Manageability (in the sense of effective management) means steerabilty (of actions) in combination with observability (of results).
Closed-loop management systems show four characteristical performance levels regarding it’s effectiveness and dynamics :
|passive||Management is reluctant in face of internal or external impulses, they don’t take initiatives. Measures to counterfight problems are not initiated or – in case they are – only after a (longer) time delay.|
|reactive||Management gets active in response to internal and external impulses (after the fact). Immediately identified problems will be solved. Problem causes will not be completely eliminated, partially at it’s best.|
|active||Management influence developments by means of prompt and realtime initiatives (at the fact). Problem causes are eliminated sustainably; the future orientation relies on a short term planning.|
|proactive||Management acts target oriented, based on their own initiatives, based on early predicitions and plans; they try to influence future development early on and try to make them happen in the desired way (before the fact).|
Management Effectiveness and Value Chain
Management effectiveness and management focus can be classified according to it’s location in the value chain :
- The results of operations are products and services and the related COGS; the operations management loop does focus on internal ressources (staff) and downstream value chain stages (suppliers). These instances are bound to instructions, they can be steered more easyly, can be observed consistently and are effectively manageable
- The results of marketing & sales are sales and order intakes; the marketing & sales management loop does focus on external ressources (customers and competitors) being only modestly or not at all steerable and observeable.
Accessible levels of target achievement and of manageability can be illustrated by applying the 5-stage Process Capability Maturity Model (US DoD and Carnegie Mellon) to management systems.
CMM levels 1 to 5
Management system phases (in the style of PDCA)
|CMM Level 1||Passive|
no management in the classical meaning – operative processes being executed; the results being captured and registered (open loop)
|CMM Level 2||Reactive|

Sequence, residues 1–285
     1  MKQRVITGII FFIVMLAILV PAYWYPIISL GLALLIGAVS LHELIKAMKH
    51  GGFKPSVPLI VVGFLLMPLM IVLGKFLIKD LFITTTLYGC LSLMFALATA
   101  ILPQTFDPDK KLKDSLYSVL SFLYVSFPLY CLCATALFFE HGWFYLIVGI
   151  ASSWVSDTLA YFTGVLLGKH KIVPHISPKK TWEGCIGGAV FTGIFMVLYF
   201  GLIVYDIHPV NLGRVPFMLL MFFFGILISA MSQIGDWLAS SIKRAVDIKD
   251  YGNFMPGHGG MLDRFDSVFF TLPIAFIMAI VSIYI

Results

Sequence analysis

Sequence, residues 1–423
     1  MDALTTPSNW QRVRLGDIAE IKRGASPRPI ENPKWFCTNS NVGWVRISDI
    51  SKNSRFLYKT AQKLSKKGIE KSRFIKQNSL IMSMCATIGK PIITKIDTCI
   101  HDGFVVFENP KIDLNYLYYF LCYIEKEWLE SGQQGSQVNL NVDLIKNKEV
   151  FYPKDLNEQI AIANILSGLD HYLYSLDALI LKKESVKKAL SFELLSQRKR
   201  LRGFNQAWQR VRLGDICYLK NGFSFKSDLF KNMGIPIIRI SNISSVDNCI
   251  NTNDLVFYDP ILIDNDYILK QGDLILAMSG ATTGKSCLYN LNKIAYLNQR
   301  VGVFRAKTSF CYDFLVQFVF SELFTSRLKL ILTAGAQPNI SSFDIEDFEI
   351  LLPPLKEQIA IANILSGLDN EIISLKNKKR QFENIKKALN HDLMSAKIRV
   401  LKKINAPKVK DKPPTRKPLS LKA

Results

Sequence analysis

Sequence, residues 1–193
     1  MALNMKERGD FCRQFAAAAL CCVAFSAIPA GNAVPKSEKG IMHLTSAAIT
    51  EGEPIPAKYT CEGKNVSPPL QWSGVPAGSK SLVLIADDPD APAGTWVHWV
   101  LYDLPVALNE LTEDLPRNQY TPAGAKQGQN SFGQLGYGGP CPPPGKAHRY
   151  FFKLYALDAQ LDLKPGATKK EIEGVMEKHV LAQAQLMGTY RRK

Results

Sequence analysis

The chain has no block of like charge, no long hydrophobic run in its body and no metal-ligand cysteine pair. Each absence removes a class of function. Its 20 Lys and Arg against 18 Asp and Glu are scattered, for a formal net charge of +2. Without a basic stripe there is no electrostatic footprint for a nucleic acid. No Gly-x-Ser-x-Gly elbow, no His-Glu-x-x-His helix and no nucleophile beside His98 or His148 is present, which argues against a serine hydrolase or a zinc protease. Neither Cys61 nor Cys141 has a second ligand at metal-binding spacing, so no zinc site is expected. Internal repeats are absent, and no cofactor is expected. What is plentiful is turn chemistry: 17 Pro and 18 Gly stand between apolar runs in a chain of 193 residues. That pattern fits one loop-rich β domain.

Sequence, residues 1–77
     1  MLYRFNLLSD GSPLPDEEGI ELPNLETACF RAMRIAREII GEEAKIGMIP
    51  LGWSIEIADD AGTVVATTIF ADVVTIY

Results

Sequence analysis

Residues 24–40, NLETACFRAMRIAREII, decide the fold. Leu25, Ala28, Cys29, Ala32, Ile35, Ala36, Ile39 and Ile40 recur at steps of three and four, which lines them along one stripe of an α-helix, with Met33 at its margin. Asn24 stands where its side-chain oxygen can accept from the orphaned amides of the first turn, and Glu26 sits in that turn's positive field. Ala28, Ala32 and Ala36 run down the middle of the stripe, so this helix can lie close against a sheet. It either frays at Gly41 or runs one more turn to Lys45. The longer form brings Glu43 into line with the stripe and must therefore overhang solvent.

Business administration : basic management processes are defined; results being planned and being triggered; operative processes results (cost, time and results) being registered, may vary more or less as a results of dysfunctional or non-existing controlling (open loop)
|CMM Level 3|
Contemporary B2B enterprises should try to achieve and maintain this level as a minimum management performance standard
|CMM Level 4||Predicitive management (see: Predicive Analytics)|
Management processes do work on basis of quantitative informations, including targeting and forecasting expeceted performance.
Controlling does function.
|CMM Level 5|
Proactive management (in the sense of Prescriptive Analytics)
Managment processes and results are measured, predicted and optimized either on basis of :
Which CMM Level is appropriate ?
Management systems at CMM Level 1 to 2 can be sufficient for low complex and low dynamic businesses
(e.g. 2 sales reps, 10 products and 20 orders per day) .
Running complex, dynamic businesses (e.g. 200 [2.000] sales reps, 3.000 [30.000] products and 2.000 [20.000] orders per day ) requires to operate at CMM level 3 to 4; if sustaining performance (World Class … ) and competitiveness is the target, CMM level 5 is required.
Management CMM Level and Profitable Growth : Examples
A management system’s CMM level and the related management style influence the achieveability and the sustainablity of Profitable Growth immediately.
The subsequent example shows the revenue development of 3 enterprises (in dependance on real cases) for the decade 2006 to 2016.
For the sake of compareability, the revenue levels are scaled to the reference basis of 100% in the fiscal year 2006. The effect of the 2008 financial crisis can be seen as a revenue kink in 2009 followed by a subsequent recovery until 2011.
- Corporation 1 (green) : Profitable Growth
Management consistently performs at CMM level 4; enterprise recovers well post crisis and continues to grow sustainingly at % p.a.
- Corporation 2 (orange) : Stagnation
Management at CMM level 2 to 3; enterprise recovers post crisis and stagnates at the level of 2006.
- Corporation 3 (red) : Downturn
Management at CMM level 2; enterprise does not recover post crisis and continues to turn down